While leading the design team at Narrative Science, the group crafted work that garnered 12 patents. Do you have any intention to file patents on Pixie?
No, not at all. Pixie relies on a few open source libraries and I would never want to do anything but contribute back to that if anything. My work at Narrative Science was in a very different domain — I was working on the design and development of systems for the automatic generation of narratives from data (aka “machines that can write”). Generally, I tend to prefer the democratization of access to technology and the open-sourcing of systems across the board — I just don’t always have a say in such things when working at a company.
You were a student at Northwestern on a Knight Foundation scholarship while seeking a master’s degree in journalism. Have you any interest in releasing a publication?
My relationship with journalism is primarily through the lens of technology’s role in the future of information. I love writing, and I think reporters that go out and develop sources and write stories will always be core (and I read their work daily). That said, part of the reason I got into the Narrative Science stuff was because I saw that sort of technology as a core component of the future of journalism. We’ve collectively spent the last few decades working to make the world machine-readable in a variety of ways, and a result of that is that there are countless stories — old and new and ongoing — locked up in machine representations. I think one future role for journalism is in exploring how to make that world human-readable and comprehensible again. So yeah, I don’t plan on releasing a publication (unless you count my future dissertation, I suppose) — but my work in AI at both NS and now associated with my PhD continues to have at least a few toes in what I would consider a facet of journalism’s future. In fact, one of the primary projects I’ve worked on over the past year is a platform aimed at democratizing access to information associated with the US federal courts by automating the role of a data scientist and allowing non-technical people to just ask questions about what’s going on.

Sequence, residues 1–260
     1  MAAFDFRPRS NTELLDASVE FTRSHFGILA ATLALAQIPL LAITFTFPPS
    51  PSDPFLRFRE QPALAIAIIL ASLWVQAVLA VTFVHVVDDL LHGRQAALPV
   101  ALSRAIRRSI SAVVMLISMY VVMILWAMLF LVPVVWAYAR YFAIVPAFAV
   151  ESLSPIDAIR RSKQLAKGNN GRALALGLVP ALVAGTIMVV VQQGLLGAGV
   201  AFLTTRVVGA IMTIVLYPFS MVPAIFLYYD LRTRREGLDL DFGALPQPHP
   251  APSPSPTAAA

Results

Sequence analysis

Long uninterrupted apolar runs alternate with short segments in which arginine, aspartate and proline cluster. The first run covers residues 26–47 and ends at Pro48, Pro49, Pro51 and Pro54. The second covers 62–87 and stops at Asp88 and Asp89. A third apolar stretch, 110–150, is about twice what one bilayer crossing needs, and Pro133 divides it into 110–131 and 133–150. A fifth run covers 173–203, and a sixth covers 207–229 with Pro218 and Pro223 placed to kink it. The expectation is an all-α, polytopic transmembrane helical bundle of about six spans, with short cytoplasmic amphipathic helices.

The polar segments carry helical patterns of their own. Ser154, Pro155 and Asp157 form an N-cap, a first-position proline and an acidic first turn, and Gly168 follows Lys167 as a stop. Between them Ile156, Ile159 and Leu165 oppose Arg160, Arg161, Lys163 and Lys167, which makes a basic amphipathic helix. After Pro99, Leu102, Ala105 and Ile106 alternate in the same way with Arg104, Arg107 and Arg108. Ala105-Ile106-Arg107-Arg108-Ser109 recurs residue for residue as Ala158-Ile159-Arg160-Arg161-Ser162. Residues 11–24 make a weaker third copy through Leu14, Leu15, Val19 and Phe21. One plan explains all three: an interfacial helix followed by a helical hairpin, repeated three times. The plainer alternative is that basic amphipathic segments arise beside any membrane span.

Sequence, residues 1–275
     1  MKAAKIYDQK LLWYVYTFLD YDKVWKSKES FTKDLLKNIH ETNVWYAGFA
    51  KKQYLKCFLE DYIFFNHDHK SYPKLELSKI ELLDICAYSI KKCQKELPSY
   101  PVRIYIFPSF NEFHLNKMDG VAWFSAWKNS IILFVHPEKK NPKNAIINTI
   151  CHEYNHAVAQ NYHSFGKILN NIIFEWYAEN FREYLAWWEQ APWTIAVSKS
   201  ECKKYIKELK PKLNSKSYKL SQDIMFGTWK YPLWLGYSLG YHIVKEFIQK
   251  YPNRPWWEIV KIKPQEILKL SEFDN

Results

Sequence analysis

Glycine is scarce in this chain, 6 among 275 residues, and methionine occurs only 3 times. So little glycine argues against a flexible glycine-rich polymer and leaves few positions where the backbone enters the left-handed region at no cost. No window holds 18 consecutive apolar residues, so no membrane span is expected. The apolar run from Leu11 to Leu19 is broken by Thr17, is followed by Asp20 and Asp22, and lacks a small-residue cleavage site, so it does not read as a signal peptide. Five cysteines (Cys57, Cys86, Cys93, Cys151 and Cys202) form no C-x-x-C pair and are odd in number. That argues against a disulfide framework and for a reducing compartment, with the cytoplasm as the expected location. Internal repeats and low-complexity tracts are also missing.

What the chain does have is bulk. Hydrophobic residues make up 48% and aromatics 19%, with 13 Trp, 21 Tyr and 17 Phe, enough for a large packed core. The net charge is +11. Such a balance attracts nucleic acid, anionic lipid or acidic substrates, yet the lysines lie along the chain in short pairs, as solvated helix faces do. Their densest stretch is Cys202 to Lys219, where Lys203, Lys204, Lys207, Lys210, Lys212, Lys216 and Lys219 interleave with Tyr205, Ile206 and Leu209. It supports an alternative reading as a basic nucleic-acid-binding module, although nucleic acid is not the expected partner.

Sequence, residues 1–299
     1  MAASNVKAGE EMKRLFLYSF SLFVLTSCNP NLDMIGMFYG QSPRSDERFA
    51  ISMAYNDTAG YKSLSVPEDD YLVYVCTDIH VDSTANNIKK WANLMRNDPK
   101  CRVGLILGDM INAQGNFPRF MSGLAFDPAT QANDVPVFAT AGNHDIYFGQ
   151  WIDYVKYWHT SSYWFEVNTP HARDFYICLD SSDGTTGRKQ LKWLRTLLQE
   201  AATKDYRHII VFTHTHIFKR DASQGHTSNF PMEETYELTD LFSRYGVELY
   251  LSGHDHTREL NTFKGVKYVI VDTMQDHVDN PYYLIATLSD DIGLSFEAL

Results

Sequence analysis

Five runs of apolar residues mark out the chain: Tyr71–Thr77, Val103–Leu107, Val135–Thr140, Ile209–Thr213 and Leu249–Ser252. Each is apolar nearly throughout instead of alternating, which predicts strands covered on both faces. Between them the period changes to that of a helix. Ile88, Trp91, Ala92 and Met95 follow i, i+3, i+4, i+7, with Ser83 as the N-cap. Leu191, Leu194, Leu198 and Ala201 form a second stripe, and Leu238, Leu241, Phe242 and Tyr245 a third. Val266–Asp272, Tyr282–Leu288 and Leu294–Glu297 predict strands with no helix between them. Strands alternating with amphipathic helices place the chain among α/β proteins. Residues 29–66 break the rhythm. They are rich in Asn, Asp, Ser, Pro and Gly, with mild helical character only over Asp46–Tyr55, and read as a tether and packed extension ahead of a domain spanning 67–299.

I read that you used to frequent a spot in Vermont – 242 Main – this sounds like it was a space that helped form you as a teenager. Do you have a particularly favored memory from 242 Main?
Oh there are so many it’s a little overwhelming. That place was something of a second home for me from middle school on. I got to see so many great bands that would stopover en-route between Boston and Montreal to play on a two-foot stage in a small room, which was a pretty world-opening set of experiences for a 13-year-old from the woods of Vermont. Bane and AFI and Texas is the Reason and The Weakerthans and Elliott and Cave In and countless others. It also fostered such an amazing local scene of bands in this tiny city in this tiny state — Drowningman and Common Ground and The Cancer Conspiracy and many others, right up to today with bands like Rough Francis — that I was so lucky to grow up into and be a part of. And, as a part of all that, it taught me about the connection between art and activism. So yeah, one standout memory? Really hard to say. But in the aggregate, it was home to what became my extended family and was the springboard into much of what I’ve done ever since.